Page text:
Well, that experiment didn’t go very well

The Prius beeps and displays a large “Add Fuel” banner on the display. Vicki always starts looking for a gas station almost immediately after it beeps on her car. But with my older cars, I always knew how far I could go after the low fuel warning – on both of my Corollas, it was about 100 km or more. I never ran a car out of gas.

And so I decided to test it. I read on-line that the Prius tank is 12.5 gallons, but I’ve never put more than 9.6 gallons in it. So the last time the low fuel warning came on, I drove 50 miles before filling up. That got me 9.879 gallons. So this time, I figured I’d go 100 miles. After all, the display was showing that I was averaging 40 mph (it’s been really cold and my trip to work is too short for the car to warm up properly) so 11 gallons would be 440 miles, and the warning went off at around 325 miles, so it should have worked out.

So imagine my surprise when I was driving home tonight, and at 75 miles from the low fuel warning almost exactly, this big red warning icon came up on the dash, and the gas engine cut out. I quickly hit the “nearest gas station” button on the GPS, and put on the emergency flashers. I was able to drive on electric only for nearly a mile. Unfortunately the gas station was a mile and a half away. And these days, gas stations don’t carry gas cans. So I walked all that way for nothing.

Fortunately Vicki came to my rescue. Between the gas can and the fill up afterwards, I put in 9.92 gallons. While I was waiting for her, I googled and discovered that the Prius tank might be 12.5 gallons, it has a bladder inside that restricts the capacity to somewhere between 9 and 11 gallons, depending on the temperature. So I guess I was lucky to get nearly 10 out of it. And I guess I’ll start looking for gas 25-50 miles after the warning, rather than 75.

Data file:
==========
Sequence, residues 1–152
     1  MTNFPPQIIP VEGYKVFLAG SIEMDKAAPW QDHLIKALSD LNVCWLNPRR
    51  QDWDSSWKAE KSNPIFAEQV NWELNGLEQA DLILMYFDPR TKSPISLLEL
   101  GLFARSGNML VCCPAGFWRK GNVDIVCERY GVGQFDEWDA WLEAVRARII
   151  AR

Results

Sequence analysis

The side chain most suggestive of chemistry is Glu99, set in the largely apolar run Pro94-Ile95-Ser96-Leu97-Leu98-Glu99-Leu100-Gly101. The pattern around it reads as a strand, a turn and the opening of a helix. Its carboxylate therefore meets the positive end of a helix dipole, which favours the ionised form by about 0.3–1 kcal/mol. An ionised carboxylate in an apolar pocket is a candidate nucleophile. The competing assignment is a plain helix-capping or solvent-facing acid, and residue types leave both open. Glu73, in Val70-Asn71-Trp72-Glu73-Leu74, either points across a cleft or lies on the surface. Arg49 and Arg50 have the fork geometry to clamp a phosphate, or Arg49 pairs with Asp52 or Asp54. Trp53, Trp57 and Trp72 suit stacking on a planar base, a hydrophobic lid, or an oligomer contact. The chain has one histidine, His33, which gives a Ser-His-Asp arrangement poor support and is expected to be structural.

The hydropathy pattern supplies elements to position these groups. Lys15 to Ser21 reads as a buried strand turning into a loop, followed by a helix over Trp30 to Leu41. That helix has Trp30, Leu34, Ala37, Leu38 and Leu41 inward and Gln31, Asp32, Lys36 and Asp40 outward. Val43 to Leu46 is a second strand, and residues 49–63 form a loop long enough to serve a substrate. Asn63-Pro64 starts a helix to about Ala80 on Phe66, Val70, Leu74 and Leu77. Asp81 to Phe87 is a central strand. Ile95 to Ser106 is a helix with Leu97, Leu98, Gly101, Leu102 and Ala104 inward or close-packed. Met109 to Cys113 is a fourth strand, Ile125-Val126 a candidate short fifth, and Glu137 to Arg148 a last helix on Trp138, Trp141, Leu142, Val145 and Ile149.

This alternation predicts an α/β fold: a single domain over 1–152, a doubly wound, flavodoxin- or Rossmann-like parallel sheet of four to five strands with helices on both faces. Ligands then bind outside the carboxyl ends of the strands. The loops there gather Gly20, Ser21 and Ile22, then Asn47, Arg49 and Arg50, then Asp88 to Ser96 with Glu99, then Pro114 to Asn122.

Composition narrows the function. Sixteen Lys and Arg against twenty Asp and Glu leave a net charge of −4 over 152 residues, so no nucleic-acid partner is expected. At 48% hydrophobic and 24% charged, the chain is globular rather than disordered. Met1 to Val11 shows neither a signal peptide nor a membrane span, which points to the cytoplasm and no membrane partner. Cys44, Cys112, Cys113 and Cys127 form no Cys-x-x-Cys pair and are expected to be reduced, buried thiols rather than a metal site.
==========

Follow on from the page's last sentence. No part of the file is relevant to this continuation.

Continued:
6 thoughts on “Well, that experiment didn’t go very well”

  1. Reminds me of the story of a guy who had an old VW Bug, from back before they had a fuel gauge. He never kept track of how many miles he’d driven since his last fill-up, because he’d gotten used to waiting until the engine began to complain and then reaching down under the driver’s seat to open the reserve tank.

    Until one day he reached down and discovered the valve was already open….

    (I may have first heard that story on a certain newsgroup. You never know.)

  2. I ran my pickup out of fuel a few weeks ago under similar circumstances – I knew I was low, but I didn’t think I was *that* low. Surprise. Thankfully I was rescued by a neighbor (it happened just around the corner from home) and the truck decided to actually start up again, something that doesn’t always happen with diesels because of the idiosyncrasies of the fuel system.

    Just curious – why were you only able to go about a mile on electric alone? I thought the Prius heavily relied on the electric side in urban situations, so I would have thought it could go a further without the support of the engine.

  3. Mark, I was on a controlled access road with a 55 mph speed limit and I was climbing off a bridge at the time, so I was probably driving too fast. True to my pilot training, though, the first thing I did was try to shed some electrical load by turning off the defogger, radio and head lights.

    If I was on a slower road or a down grade, I probably could have made it.

  4. the Prius tank might be 12.5 gallons, it has a bladder inside that restricts the capacity to somewhere between 9 and 11 gallons, depending on the temperature

    What the hell is the point of that? I gather it expands to pressurize the tank – why? To eliminate gas space? To put the fuel under pressure? What’s the point?

    Sounds (a) ridiculously counterproductive (how do you manage fuel if you can’t even know how big your gas tank is?), and (b) dangerous, or, what’s almost as bad, a kludgy fix for something that’s dangerous.

  5. Bladder tanks are not uncommon in situations where fuel leakage after a crash is of concern. Considering the high voltages running through the Prius electrical system perhaps it’s an extra safety measure.

    I remember reading an article a few years ago about special training that first-responder teams have had to take now to deal with hybrid automobiles due to these voltages. Add high voltage, possible sparking because of the accident and or rescue efforts, and leaking fuel, and I can see the justification for a tank bladder.

    Think Ford Pinto, if you are familiar with that whole infamous situation.

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